The plan, according to agency executives familiar with it, is very close to formation, but will not put the entire assignment in the hands of just one of the shops that currently buys GM's media. Rather, a new entity, which will be staffed by executives plucked from the GM's current shops, will be formed. "There is a significant media consolidation coming, but as we (the agencies) understand it, it will come in stages," said a senior GM agency executive. "As one stage works, we will move to the next."
"They're going to do it soon," added a top-level exec at another GM shop. "But I don't know which way they're going to go or what their ground rules are."
While the world's largest car company has been mulling media consolidation since June, details still are vague. One media executive who does business with GM said the company is leaning toward a free-standing operation similar to PentaCom, the company BBDO created to handle all Chrysler's planning and buying. Another exec said a joint venture between Lintas and McCann-Erickson could be in the offing for GM, meaning that media buying would be consolidated at Interpublic.
Unlike PenraCom, though, GM's new entity is not likely to include media planning; which would be left to the individual sales divisions and their agencies.
Both execs added that if GM and its agencies form a separate media company, Lou Sehultz, executive vp/director of media services for Lintas:USA, is the current favorite to run the unit. Schultz also serves on GM's internal Media Council and is considered one of the most powerful media execs in GM's roster of agencies. Late last week Schultz could not be reached for comment.
Guarascio told a reporter recently to "stay tuned" when asked about a GM media consolidation. He added that "an organization's change has to be driven by strategic issues." Guarascio was not available for comment.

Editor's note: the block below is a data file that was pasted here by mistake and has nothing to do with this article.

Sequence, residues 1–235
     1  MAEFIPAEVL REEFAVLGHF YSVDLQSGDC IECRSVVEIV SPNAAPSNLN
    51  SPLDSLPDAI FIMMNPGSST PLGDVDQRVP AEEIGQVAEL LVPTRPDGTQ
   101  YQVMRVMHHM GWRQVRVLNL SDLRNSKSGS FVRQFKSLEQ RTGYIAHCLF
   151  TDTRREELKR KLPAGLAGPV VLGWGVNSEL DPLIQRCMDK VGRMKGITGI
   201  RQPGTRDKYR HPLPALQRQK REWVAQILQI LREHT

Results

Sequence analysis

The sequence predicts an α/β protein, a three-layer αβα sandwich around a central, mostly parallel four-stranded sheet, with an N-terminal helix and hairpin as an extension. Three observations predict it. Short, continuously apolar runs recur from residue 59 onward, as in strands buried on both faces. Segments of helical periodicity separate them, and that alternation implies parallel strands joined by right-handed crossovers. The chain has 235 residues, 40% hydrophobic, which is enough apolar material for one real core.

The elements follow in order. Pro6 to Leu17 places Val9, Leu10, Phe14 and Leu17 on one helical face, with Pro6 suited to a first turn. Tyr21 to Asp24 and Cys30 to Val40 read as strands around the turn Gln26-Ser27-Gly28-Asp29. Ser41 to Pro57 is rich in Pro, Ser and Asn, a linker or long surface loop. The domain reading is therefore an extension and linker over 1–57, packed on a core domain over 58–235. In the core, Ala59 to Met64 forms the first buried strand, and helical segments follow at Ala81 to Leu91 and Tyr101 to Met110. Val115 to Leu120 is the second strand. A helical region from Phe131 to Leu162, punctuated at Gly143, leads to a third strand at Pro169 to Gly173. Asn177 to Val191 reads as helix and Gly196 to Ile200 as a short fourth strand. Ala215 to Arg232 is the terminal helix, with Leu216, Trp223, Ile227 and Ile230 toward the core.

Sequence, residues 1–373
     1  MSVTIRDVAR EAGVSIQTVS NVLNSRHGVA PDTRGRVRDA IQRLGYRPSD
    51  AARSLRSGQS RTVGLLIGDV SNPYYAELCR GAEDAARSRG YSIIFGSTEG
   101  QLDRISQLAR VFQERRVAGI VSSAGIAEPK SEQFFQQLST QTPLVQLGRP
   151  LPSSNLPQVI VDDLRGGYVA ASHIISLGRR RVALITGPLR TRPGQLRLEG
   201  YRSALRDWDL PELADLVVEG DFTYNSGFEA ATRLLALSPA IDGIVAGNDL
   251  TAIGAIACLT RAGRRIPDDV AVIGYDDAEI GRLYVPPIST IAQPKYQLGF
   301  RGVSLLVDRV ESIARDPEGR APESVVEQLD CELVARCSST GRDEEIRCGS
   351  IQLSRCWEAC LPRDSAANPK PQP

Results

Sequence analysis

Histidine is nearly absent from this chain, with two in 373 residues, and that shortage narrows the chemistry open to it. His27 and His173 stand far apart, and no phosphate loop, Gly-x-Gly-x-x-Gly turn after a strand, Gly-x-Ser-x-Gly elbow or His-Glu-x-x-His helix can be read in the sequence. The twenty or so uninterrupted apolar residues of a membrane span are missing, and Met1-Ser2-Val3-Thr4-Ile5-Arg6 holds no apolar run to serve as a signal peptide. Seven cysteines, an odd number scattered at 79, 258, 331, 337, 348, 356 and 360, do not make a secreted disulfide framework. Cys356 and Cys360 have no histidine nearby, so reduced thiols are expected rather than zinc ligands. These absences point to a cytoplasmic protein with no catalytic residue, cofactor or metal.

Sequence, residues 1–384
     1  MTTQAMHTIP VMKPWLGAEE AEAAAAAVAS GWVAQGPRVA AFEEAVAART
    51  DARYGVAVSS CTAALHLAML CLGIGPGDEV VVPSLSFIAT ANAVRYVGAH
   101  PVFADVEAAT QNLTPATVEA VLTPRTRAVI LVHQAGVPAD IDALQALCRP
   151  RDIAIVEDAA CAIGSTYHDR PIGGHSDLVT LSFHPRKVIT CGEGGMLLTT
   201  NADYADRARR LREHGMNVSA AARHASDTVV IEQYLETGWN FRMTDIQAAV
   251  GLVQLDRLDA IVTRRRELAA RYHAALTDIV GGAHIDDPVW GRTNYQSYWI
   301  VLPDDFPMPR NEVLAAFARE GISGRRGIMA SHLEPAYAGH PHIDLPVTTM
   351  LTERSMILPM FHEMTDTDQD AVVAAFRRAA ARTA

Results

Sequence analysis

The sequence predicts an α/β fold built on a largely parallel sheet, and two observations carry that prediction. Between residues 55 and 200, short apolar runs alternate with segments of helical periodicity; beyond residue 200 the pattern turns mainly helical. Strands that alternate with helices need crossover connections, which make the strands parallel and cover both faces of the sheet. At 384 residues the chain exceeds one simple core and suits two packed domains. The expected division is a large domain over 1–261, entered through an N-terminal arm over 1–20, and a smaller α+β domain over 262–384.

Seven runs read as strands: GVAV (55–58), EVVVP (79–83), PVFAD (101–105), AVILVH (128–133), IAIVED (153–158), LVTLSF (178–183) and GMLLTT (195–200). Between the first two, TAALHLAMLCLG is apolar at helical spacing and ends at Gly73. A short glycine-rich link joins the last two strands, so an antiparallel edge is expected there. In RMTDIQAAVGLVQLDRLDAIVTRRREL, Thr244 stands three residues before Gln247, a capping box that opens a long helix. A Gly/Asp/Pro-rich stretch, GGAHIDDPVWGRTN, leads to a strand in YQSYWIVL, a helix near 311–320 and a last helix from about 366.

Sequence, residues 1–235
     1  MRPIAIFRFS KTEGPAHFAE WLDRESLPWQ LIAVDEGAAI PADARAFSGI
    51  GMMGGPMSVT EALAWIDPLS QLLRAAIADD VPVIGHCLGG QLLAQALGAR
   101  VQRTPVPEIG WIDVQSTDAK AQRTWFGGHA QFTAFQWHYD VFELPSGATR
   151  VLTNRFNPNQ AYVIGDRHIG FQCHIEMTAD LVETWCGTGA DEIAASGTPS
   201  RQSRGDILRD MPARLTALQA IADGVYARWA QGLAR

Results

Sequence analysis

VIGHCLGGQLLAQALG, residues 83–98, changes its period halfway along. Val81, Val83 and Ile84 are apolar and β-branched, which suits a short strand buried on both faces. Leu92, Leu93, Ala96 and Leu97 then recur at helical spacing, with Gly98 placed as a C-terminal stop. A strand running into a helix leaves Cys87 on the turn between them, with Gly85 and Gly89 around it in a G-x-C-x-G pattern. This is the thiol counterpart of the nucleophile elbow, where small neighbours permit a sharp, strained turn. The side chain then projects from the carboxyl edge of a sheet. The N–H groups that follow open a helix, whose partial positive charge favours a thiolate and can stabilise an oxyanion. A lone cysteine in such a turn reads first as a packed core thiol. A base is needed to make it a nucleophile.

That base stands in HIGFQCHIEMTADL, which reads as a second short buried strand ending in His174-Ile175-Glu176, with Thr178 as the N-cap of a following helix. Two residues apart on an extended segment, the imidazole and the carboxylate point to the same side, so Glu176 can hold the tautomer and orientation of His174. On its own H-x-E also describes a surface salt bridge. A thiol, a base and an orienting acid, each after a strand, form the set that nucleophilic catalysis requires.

Mike Browner, the general director of media operations at GM has said in the past that "consolidated media buying has been a longstanding media practice at General Motors for many years. And, like all business practices at General Motors, that activity is constantly undergoing review and refinement."
Browner was referring to GM's Media Council, which, unlike PentaCom, does not handle all media negotiations and buys. The Media Council--for national TV deals--receives suggested plans from GM divisions and their agencies, makes sure those plans mesh with the company's overall media objectives, and assigns one of GM's AOR shops to handle the buy. The AOR lineup includes .Lintas on sports, cable and consumer magazines; Leo Burnerr on primetime and late night; and D'Arcy Masius Benton & Bowles on news.
As was the case with PentaCom, the chief benefits to GM are lowering costs--both in media buys and in personnel.
"Lowering costs and increasing profitability is everything at the corporation right now," said the GM agency head. "So even though the divisions may not like it, if the consolidation will save significant sums they will have little choice but to go along." Ironically, GM divisional bosses were in the dark about the consolidation last week. One divisional advertising head said he hasn't heard anything official on the topic. But he adds that "something is afoot."
He said the divisions wouldn't rebel against a consolidation, as long as the divisions and their agencies retain control of media planning.
"The planning is what we're concerned with," he said. "It really doesn't make a lot of difference as long as we get the programming we want."
Copyright Adweek L.P. (1993)